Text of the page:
Alumni Association Names Geller Faculty Member of the Year
Posted: April 17, 2008 at 1:00 am, Last Updated: November 30, -0001 at 12:00 am
Each year, the George Mason University Alumni Association recognizes and honors outstanding alumni, students and faculty members for their achievements and contributions to the university during its Celebration of Distinction. This year, the association selected Harold Geller, term assistant professor of physics and astronomy, as Faculty Member of the Year.
This spring, after almost 16 years of teaching in Mason’s Department of Physics and Astronomy, Harold Geller finally received a Boy Scout merit badge in astronomy.
It was given to him by a group of Scouts who came to visit the new observatory on the Fairfax Campus. They were just one of many groups with whom Geller has shared his knowledge of the night skies.
Geller’s office is decorated with hand-drawn thank-you notes from local schoolchildren, including inventive pop-ups designs of the observatory and the solar system.
“I learned loads!” one of the letters exclaims. Many of these cards were included in his nomination package for 2008 Faculty Member of the Year.
In addition to the courses he teaches each semester, Geller keeps busy hosting observing sessions and lecturing to groups such as the Osher Lifelong Learning Institute and local amateur astronomy groups.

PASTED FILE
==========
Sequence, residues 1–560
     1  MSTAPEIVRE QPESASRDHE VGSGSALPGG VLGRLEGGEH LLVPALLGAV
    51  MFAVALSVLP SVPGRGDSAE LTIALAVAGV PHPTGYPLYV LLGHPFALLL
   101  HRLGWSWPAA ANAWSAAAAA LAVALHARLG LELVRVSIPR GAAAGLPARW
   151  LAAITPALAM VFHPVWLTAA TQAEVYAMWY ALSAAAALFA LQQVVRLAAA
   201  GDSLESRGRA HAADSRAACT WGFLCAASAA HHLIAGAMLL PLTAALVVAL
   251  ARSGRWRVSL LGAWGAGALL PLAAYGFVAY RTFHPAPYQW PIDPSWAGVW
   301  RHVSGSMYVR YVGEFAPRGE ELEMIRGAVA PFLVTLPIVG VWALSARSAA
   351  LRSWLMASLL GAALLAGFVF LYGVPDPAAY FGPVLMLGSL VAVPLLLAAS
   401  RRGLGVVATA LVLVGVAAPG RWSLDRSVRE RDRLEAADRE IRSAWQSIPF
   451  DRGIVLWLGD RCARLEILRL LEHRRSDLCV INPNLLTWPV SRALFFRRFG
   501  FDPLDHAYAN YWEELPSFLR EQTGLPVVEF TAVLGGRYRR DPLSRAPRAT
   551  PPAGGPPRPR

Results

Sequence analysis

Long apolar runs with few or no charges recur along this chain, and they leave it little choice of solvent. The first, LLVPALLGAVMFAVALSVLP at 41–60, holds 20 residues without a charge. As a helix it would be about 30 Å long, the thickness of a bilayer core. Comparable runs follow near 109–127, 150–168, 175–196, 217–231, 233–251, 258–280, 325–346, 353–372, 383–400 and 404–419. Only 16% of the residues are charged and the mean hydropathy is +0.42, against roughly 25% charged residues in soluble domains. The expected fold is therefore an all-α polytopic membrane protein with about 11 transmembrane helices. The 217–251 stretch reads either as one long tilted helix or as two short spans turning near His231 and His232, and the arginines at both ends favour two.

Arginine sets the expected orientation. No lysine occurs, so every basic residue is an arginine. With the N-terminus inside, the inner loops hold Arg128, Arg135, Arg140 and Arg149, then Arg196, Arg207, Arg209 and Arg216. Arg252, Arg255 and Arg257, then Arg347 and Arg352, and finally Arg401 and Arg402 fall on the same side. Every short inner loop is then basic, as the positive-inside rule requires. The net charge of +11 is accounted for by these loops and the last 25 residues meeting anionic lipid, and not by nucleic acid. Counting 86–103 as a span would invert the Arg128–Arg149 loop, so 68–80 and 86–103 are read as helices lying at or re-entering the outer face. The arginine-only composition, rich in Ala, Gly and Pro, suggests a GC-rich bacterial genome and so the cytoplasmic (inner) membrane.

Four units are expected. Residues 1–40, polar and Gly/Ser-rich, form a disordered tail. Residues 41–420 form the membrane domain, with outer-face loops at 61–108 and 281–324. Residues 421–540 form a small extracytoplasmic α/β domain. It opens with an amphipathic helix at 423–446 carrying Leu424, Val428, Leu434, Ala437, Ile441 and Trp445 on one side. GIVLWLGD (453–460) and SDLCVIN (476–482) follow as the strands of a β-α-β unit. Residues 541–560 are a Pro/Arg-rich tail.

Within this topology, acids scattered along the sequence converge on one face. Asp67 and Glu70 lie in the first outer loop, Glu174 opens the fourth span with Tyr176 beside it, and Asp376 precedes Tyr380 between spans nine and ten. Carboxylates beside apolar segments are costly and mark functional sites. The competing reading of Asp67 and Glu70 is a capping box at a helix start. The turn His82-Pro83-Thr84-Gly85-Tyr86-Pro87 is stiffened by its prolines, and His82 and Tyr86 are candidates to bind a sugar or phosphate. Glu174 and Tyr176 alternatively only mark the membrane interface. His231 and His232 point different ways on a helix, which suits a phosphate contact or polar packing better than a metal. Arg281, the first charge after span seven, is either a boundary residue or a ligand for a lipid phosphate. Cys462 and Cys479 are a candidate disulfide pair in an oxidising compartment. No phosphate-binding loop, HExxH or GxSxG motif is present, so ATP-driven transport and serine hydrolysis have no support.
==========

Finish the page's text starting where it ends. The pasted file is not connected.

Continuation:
Among those commending Geller for his work is the Northern Virginia Astronomy Club (NOVAC).
“Our public outreach activities reach thousands of people each year. I think it is absolutely fair to say that this level of success simply wouldn’t be possible without Harold’s efforts,” writes the NOVAC president Phillip Wherry. “He really understands the value of science education both inside and outside the classroom.”
A Mason alumnus, Geller completed his MAIS degree in 1992 and joined Mason’s faculty as an adjunct. He became a full-time faculty member in 2000 and completed his doctoral studies, also at Mason, in 2005. He is currently the associate chair of the department.
Several years ago, Geller and colleague George Taylor, Earth Systems and Geoinformation Science, designed the first astrobiology course taught at Mason. Geller continues to teach the class each semester. He recently published “Astrobiology — The Integrated Science Curriculum,” a book for faculty interested in teaching the course. He has also developed the graduate course, Astronomy for Teachers.
“Harold is the most dedicated teacher I have ever had the good fortune to work with,” writes Eugenie Mielczarek, Mason Professor Emeritus of Physics. “He challenges [his students] to understand astronomy as a science and not just an easy way to fill a degree requirement, an impossible task in a lecture hall with a class numbering in the hundreds.”
Over the years, Geller has become the keeper of the observatory archives and history. He has folders dating back to the early 1980s showing correspondence, photos, plans and requests regarding observing the night sky at Mason.
He designed, developed and raised funds for the construction of the university’s new observatory (its third, he will remind you), which will house a 32-inch Ritchey Chrétien telescope that is being custom-built for the university. And he, along with many others on and off campus, anxiously awaits its delivery later this year.